30 Dec 2012

Aegean coleslaw, anyone?

After months of slacking off, I should probably get back to work and blog something. It's not as if I ever ran out of ideas. So today I want to talk about a package of vegetable terms that seem related but I believe may be misetymologized.

Let's focus on *kremus- 'onion', an unanalysable Proto-Indo-European root presumed to be a nominal derivative in *-us-, concocted to explain Old Irish crem 'garlic', Germanic *hramuson ~  *hramsaz 'onion, leek', Greek κρέμυον ~ κρόμυον ~ κρόμμυον 'onion', Polish trzemucha and Lithuanian šermùkšnis. The forced assumption here is that if enough branches of Indo-European exhibit a particular root word as we have here then it must be because it existed in the proto-language spoken over 6000 years ago. "Assume" makes an "ass" out of "u" and "me", as they say.

An alternative possibility that must always be kept in mind is that a word has merely managed to expand due to cultural transmission and dissemination from a substrate language that is not necessarily Indo-European. Lacking further knowledge on very historically important yet largely unknown languages like Minoan and Hattic, we can hardly pretend that we can so easily reconstruct many of these claimed Indo-European roots securely. So for the sake of further discussion, I present an alternative view of this particular root.

Instead of pushing the origin all the way back to Indo-European, why not a simpler alternative and presume a much later date, in the first millennium BCE? We could start with an Aegean root *harápʰa 'cabbage, kale' with a diminutive *harápʰazo 'onion, garlic, leek' becoming Minoan *harámpa and *harámpazo. This then can explain both the source of κρέμυον ~ κρόμυον with its unmotivated vowel alternation as well as the curiously similar forms κράμβη 'cabbage', ῥάφη 'a kind of large radish' and ῥάφανος 'cabbage' in a way that an Indo-European origin cannot. As Etrusco-Rhaetic speakers traded heavily in the Adriatic with the Greeks, their presumed cognate, *χramφza, would be quickly disseminated into Baltic, Slavic, Germanic and Celtic circles. Simple commerce and loanword adoption.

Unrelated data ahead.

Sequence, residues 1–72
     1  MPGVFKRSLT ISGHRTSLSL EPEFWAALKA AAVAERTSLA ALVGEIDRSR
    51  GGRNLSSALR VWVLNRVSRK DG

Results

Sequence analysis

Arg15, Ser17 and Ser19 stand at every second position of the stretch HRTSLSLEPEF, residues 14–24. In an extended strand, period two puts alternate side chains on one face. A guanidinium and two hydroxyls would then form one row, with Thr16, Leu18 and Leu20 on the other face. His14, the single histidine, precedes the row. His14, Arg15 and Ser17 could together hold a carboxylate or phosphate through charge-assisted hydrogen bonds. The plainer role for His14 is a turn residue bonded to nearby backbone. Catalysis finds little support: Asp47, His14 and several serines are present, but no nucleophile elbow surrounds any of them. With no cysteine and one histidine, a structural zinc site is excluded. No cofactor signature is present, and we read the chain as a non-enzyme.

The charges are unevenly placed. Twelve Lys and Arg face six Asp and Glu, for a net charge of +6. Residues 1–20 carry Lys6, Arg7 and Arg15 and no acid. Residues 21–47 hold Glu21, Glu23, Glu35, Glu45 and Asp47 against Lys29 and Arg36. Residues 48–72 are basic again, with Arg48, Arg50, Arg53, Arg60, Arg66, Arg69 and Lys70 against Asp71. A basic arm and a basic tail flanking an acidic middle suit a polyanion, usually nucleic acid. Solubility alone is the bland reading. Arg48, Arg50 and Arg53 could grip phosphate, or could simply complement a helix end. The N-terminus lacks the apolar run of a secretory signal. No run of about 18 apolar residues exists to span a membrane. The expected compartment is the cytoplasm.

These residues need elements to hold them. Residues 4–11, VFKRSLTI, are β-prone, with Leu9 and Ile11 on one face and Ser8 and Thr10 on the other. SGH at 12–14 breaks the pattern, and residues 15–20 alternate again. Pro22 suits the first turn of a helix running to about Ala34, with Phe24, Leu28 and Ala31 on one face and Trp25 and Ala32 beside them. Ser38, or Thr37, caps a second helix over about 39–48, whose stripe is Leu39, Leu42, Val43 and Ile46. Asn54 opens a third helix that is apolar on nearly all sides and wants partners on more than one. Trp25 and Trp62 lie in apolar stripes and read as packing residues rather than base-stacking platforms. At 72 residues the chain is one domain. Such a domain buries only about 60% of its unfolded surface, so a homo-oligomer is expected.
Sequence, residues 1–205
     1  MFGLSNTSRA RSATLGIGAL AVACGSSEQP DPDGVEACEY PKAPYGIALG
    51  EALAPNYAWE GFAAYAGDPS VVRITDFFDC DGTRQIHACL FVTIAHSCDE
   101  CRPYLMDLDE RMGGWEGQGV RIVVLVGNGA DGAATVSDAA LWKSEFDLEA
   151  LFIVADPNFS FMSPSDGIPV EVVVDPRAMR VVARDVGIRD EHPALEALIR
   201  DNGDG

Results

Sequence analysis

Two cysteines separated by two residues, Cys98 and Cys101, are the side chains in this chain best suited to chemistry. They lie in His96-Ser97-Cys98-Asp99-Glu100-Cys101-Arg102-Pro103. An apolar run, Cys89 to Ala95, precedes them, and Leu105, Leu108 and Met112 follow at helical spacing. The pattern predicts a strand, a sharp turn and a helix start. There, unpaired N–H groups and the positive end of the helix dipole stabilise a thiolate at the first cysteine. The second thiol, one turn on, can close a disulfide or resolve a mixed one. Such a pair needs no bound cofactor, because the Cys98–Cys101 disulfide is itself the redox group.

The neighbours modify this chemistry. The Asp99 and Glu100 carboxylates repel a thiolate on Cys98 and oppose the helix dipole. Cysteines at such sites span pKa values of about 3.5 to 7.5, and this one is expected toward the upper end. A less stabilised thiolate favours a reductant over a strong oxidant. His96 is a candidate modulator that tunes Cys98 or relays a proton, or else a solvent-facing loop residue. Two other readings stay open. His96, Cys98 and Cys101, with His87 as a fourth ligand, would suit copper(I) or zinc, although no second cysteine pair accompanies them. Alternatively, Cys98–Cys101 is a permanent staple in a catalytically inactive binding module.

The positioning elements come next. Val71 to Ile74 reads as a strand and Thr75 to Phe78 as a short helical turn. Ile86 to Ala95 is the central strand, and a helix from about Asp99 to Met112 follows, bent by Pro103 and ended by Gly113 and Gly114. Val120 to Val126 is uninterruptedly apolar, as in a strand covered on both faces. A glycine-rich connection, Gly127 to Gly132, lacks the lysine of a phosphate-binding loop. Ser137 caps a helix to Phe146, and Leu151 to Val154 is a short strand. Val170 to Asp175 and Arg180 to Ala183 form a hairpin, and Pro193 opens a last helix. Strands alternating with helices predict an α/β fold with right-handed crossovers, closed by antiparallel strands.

1. I'm confused by the appearance of the nasal in Minoan. If it wasn't present in Aegean, where might it have come from?

    Also, while I suspect the similarity is merely by chance, the Lithuanian form immediately called to mind the obsolete Lithuanian "šermuo" (ermine) and its cognates (e.g. OHG "harmo", OE "hearm", Romansch "carmun"). These point to a form *k^ermon; there are various attempts to tie the word to roots for "hoar(frost)" and "rime", which are semantically solid but seem to require extensive ablaut. The only possible semantic connections I can think of between ermines and cabbages, kale, onions, garlic and leeks would be something about whiteness, or maybe an element of the taste (a sharpness, perhaps one that is somehow "cooling"), but the connection seems weak.

  2. The word for "seven" is semph in Etruscan, a transparent loanword from the Egyptian numeral usually reconstructed as *sáfḫaw. So I reconstruct an original Aegean root *sapʰa. Since Cyprian Syncope deletes the final vowel we would be left with *sapʰ if not for a shift towards preaspiration of word-final stops, thus *[saʰp]. From there, it's a reasonably simple phonemicization of the aspirate feature into a nasal sound.

    That being said, I'm not completely sure whether such a process is likely to have occurred in Minoan, given so little data to go on, but it appears reasonable for the Cyprian languages (Etruscan, Rhaetic, Lemnian, Eteo-Cypriot, Eteo-Cretan) at least. And then there's the question of when Minoan died out. If it died out by around 1400 BCE, let's say, then the substrate may not be Minoan so much as Eteo-Cretan. The problem is it's simply impossible to determine but I still think there's value in thinking about these possibilities even if theoretical.

    I doubt that the words you list however are related to this package of vegetable roots. The common factor in the words I've put forth is that they describe "fruits of the earth". That is, vegetables growing in the ground that need to be dug up as opposed to stalks, vines, fruit from trees, etc.